# Introduction to Discrete-Event Simulation

Chapter
Part of the The Kluwer International Series on Discrete Event Dynamic Systems book series (DEDS, volume 11)

## Abstract

In our study of dynamic systems, our first goal is to obtain a model. For our purposes, a model consists of mathematical equations which describe the behavior of a system. For example, in Chapter 5 we developed the set of equations (5.7)–(5.12) which describe how the state of a DES evolves as a result of event occurrences over time. Our next goal is to use a model in order to obtain explicit mathematical expressions for quantities of interest. For example, in Chapter 7 our model was a Markov chain and the main quantities of interest were the state probabilities πj(k) = P[X k = j], j= 0, 1, ... In some cases, we can indeed obtain such expressions, as we did with birth-death chains at steady state in Section 7.4.3. In general, however, “real world” systems either do not conform to some assumptions we make in order to simplify a model, or they are just too complex to yield analytical solutions. Our mathematical model may still be valid; the problem is that we often do not have the tools to solve the equations which make up such a model. Simulation is a process through which a system model is evaluated numerically, and the data from this process are used to estimate various quantities of interest. As we have repeatedly pointed out in previous chapters, analytical solutions for DES are particularly hard to come by, making simulation a very attractive tool for their study.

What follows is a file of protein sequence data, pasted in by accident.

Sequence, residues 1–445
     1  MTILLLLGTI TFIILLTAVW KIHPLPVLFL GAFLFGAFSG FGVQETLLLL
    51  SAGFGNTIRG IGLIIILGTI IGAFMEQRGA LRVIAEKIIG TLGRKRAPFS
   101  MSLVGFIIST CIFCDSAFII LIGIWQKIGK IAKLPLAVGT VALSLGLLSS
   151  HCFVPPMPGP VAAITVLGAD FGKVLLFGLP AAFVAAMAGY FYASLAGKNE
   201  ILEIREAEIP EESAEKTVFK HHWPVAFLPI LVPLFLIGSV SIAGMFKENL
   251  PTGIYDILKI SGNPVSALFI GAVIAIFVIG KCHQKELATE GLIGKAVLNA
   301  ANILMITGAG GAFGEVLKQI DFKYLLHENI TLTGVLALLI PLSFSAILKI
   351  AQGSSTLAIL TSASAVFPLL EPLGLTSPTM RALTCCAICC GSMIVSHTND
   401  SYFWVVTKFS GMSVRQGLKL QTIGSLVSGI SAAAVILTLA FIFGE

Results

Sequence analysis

## Keywords

Service Time Queue Length System Time Busy Period Interarrival Time
These keywords were added by machine and not by the authors. This process is experimental and the keywords may be updated as the learning algorithm improves.

## Selected References

1. Banks, J., and J.S. Carson, Discrete Event System Simulation, Prentice-Hall, Englewood Cliffs, NJ, 1984.
2. Bratley, P., B.L. Fox, and L.E. Schrage, A Guide to Simulation, Springer-Verlag, New York, 1987.
3. Fishman, G.S, Principles of Discrete Event System Simulation, Wiley, New York, 1978.Google Scholar
4. Kiviat, P.J., R. Villanueva, and H.M. Markowitz, SIMSCRIPT 11.5 Programming Language, (edited by E.C. Russell ), CACI Inc., Los Angeles, 1973.Google Scholar
5. Knuth, D.E., The Art of Computer Programming: Vol. 2, Addison-Wesley, Reading, MA, 1981.
7. Law, A.M., and W.D. Kelton, Simulation Modeling and Analysis, McGraw-Hill, New York, 1991.Google Scholar
8. Lehmer, D.H., “Mathematical Methods in Large Scale Computing Units,” Annals Comput. Lab. Harvard University, Vol. 26, pp. 141–146, 1951.
9. Pegden, C.D., R.E. Shannon, and R.P. Sadowski, Introduction to Simulation Using SIMAN, McGraw-Hill, New York, 1990.Google Scholar
10. Pritsker, A.A.B., The GASP IV Simulation Language, Wiley, New York, 1974.
11. Pritsker, A.A.B., Introduction to Simulation and SLAM II, Halsted, New York, 1986.Google Scholar
12. Schriber, T.J., An Introduction to Simulation Using GPSS/H, Wiley, New York, 1990.Google Scholar
13. Zeigler, B.P., Theory of Modeling and Simulation, Wiley, New York, 1976.Google Scholar